Everyone, it seems, is starting to take note of the burgeoning “Fintech” scene. Jamie Dimon even specifically referenced the threat from Silicon Valley in yesterday’s letter to shareholders’
“There are hundreds of startups with a lot of brains and money working on various alternatives to traditional banking. The ones you read about most are in the lending business, whereby the firms can lend to individuals and small businesses very quickly and – these entities believe – effectively by using Big Data to enhance credit underwriting. They are very good at reducing the “pain points” in that they can make loans in minutes, which might take banks weeks. We are going to work hard to make our services as seamless and competitive as theirs. And we also are completely comfortable with partnering where it makes sense.”
The fact is that banking is a field in which there hasn’t been much innovation. High barriers to entry and regulation have maintained a cozy oligopoly that didn’t feel the need to change things. Margins were good, and consumers had little other choice, so there was a natural conservatism to new ideas. The greatest innovation for many of these banks in the last 10 years was putting their annual report online. However, with the cost of innovation coming down, and with the power of the networks proven in so many other fields, startups are now attacking this “final frontier”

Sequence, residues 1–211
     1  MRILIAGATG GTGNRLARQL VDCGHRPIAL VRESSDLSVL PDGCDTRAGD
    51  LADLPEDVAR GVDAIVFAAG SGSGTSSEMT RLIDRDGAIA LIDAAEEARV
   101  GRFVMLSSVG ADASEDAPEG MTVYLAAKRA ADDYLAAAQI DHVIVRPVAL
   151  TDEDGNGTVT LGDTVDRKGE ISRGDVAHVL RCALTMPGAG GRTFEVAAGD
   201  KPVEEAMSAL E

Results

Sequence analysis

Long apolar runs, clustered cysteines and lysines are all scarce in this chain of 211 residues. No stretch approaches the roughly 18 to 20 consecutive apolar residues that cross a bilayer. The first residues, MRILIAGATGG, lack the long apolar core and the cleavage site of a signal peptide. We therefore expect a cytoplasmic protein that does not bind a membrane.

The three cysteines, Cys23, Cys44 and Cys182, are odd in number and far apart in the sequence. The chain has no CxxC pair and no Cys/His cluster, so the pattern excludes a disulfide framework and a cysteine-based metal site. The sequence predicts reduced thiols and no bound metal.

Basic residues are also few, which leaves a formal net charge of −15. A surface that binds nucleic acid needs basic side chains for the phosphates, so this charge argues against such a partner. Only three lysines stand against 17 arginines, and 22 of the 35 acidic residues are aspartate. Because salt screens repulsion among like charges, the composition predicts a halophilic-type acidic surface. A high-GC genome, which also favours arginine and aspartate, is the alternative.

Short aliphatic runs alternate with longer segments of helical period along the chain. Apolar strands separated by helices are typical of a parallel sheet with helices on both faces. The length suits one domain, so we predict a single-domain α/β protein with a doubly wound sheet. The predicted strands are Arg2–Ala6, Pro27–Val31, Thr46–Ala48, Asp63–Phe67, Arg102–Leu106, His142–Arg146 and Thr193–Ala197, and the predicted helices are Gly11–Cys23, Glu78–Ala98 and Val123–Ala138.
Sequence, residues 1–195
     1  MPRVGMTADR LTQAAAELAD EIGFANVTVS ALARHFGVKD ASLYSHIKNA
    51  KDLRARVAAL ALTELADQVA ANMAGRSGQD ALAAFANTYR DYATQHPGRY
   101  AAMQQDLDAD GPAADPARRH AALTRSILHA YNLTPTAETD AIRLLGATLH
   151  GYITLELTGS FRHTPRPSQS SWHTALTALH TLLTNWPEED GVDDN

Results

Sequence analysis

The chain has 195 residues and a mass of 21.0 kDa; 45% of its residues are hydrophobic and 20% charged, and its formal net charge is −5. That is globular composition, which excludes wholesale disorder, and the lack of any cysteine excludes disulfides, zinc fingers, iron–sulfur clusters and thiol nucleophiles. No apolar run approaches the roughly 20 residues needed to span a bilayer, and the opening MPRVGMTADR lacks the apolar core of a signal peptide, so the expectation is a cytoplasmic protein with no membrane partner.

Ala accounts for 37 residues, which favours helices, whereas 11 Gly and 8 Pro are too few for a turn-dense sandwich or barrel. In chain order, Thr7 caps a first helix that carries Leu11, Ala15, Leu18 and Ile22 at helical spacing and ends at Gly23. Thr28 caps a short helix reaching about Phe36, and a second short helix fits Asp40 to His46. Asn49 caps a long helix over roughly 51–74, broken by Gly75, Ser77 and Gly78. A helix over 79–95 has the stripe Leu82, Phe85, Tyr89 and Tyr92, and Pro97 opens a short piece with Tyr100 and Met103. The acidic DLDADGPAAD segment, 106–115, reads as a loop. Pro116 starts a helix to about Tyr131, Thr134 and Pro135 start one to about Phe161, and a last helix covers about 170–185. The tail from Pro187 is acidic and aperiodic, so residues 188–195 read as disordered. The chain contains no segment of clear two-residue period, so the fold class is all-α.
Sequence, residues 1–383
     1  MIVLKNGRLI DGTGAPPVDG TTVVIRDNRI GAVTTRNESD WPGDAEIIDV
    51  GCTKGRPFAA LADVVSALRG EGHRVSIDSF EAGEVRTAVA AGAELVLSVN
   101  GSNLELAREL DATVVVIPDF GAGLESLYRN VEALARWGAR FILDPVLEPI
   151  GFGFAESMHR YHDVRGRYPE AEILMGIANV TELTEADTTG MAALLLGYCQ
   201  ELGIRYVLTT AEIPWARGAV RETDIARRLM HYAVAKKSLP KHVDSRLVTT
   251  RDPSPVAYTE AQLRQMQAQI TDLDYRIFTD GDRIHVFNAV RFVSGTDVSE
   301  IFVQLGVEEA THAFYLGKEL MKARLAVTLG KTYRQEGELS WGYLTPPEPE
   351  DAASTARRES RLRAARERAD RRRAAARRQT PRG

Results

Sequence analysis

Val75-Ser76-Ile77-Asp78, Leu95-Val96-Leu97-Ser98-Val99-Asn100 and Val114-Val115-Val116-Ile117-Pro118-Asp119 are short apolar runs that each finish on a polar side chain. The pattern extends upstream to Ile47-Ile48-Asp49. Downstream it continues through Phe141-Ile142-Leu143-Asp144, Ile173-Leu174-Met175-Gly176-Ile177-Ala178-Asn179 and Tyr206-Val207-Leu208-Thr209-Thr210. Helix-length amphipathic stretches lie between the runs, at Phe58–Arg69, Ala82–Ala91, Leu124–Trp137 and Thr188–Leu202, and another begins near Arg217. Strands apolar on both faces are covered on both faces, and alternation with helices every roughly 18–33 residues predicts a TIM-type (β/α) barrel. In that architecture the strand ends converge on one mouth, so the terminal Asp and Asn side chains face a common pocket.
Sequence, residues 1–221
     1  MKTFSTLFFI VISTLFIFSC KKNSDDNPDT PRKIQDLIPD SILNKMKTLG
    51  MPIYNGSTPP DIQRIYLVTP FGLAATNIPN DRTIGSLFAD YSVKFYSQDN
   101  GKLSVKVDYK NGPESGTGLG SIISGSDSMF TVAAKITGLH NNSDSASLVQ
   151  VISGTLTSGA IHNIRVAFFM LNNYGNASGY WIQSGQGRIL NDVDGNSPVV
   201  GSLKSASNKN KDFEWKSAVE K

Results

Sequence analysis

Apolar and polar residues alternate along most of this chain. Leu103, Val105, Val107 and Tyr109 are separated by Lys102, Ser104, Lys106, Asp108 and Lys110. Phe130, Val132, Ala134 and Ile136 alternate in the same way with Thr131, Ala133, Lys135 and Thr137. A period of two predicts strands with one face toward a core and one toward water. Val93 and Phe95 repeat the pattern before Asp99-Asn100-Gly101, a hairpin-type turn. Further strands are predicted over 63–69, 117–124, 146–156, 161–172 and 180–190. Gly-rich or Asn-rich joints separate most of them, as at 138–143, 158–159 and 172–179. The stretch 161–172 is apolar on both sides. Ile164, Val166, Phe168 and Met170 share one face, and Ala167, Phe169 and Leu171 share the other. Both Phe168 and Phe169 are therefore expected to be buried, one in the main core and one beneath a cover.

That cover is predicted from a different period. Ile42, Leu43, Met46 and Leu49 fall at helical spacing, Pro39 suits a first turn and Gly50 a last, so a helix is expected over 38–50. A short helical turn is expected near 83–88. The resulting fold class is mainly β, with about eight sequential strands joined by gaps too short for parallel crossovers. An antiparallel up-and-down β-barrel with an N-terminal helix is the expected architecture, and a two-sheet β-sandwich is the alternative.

But it seems to me that many banks are still left confused by Fintech. It’s got to a size now where they can’t ignore it – but is it friend or foe? Consultants are telling them that they need to “plug-in” to the scene – to take advantage before other competitors do. And many banks are now allocating a fair chunk of capital to get involved – Santander and BBVA have funds of $100m, HSBC has allocated up to $200m, while Barclays and Citi have launched their own accelerator programs. Bank CEOs are increasingly talking about the “need for innovation” and “customer-centric models”, but I sense that behind the headlines, they remain confused. To my mind there are two types of company within the Fintech sphere – and an understanding of the sector requires a differentiation between the two. The point is not that one model is better than the other, but that they are completely different models.
- The companies that facilitate the way things are done now. These companies provide a service that integrates into existing financial infrastructure – making existing processes faster and more efficient. Typically they are software companies or they have created a way to make an existing process more efficient. These are natural partnerships for the banking sector
- Companies that are disruptive. They want to completely change the way a service is delivered to the end customer. Peer-to-peer lending, for example, aims to disintermediate the bank’s role entirely